Wallace (Justin Long) and Teddy (Haley Joel Osment) have a podcast together in which they deride people in embarassing videos. Wallace goes out into the world to find those people and then tells Teddy about it. This time, Wallace is going to Canada to interview a young man who accidentally sliced his own leg off. Unfortunately when Wallace arrives, the young man has committed suicide which leaves Wallace short a story for their program. When he finds a handwritten advertisement in a men’s room for a free place to stay, including a lifetime of interesting stories, he thinks that he has hit the jackpot. But Howard Howe (Michael Parks), the man with the interesting stories, has more plans for Wallace than he could have ever imagined.
Tusk starts off well enough and with a wonderfully absurd sense of humor, but after the set-up, it loses all the good things and becomes a rambling, unfunny film with a seriously misguided Johnny Depp cameo.
As I gathered from the credits, where we get to hear an excerpt from Smith’s podcast where he apparently came up with the idea for the film under hysterical laughter, the film’s idea was conceived of in a flash. And as a pretty solid spoof of The Human Centipede concept, there was a lot of potential in it (even if you probably have to be high to find it as hilarious as Smith, judging from the podcast). But a lot of more development would have been necessary to actually make something of that potential.
Instead Smith builds up the strength of the set-up, of Wallace arriving at Howe’s place, of Howe’s stories and the weirdness of it all and the realization that all this is headed towards turning Wallace into a walrus and with that make him the perfect friend for Howe. But after the initial comedy and horror of that project hits you, the film loses all steam and starts throwing random stuff around, as if in an attempt to see what sticks. But nothing really does. It also doesn’t help that the actual transformation – apart from the first part – is not part of the film, but we just jump from (slightly) mutilated Wallace to completely walrussed Wallace.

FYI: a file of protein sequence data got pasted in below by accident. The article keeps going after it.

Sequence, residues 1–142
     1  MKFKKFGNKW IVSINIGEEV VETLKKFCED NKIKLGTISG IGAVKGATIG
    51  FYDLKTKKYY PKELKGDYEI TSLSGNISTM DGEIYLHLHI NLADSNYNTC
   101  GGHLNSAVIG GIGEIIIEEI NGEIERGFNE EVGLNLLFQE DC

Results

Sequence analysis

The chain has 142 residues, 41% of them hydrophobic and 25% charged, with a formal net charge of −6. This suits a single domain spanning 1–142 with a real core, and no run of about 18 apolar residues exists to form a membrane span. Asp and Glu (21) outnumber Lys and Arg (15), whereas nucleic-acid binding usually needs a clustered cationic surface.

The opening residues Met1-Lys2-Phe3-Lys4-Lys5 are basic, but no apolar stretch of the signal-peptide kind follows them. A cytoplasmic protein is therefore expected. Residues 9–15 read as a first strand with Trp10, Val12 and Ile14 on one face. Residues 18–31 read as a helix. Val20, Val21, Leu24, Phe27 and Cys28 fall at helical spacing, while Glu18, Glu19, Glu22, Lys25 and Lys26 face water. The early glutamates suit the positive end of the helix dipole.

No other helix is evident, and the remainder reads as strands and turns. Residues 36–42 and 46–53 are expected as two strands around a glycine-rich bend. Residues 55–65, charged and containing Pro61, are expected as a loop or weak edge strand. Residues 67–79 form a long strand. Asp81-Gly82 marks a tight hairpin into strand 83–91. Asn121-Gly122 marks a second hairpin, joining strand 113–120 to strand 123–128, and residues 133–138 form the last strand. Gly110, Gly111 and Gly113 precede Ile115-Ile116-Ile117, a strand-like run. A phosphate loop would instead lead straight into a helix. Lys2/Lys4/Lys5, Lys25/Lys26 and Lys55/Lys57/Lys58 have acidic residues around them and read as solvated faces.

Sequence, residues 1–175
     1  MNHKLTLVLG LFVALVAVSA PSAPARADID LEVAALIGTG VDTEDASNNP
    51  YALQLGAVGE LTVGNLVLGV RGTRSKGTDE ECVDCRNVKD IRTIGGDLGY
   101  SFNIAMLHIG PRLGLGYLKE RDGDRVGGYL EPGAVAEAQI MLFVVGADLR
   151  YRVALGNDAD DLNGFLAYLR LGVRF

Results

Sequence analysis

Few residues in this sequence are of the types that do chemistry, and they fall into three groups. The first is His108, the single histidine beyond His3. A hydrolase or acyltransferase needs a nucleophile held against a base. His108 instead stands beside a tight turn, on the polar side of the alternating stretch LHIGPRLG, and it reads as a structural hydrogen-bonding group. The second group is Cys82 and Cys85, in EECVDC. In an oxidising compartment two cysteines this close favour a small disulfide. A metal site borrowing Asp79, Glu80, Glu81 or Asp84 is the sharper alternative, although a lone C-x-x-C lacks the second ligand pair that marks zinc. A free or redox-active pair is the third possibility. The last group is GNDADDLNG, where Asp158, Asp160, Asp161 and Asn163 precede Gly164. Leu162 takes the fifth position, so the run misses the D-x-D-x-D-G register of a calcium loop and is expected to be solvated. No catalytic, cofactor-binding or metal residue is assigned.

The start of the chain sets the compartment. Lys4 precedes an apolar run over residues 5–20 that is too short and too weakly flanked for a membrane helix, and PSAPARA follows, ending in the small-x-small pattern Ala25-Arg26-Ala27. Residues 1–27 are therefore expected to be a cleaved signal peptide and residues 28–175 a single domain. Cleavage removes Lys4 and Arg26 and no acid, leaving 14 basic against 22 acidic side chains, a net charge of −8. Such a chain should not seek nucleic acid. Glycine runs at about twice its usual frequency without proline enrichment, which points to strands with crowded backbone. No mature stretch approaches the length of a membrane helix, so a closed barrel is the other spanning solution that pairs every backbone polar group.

The worst thing about it, though, was definitely Johnny Depp’s cameo. And I’m saying that as somebody who likes Johnny Depp, even when he does the weird stuff, even in Tim Burton movies. But nothing about his character here worked or fit with the rest of the story. It was awful.
The movie’s real saving grace was Haley Joel Osment. But since he just played a supporting character and wasn’t in the film for long stretches, there was nothing much that he could do either. The film was just a mess.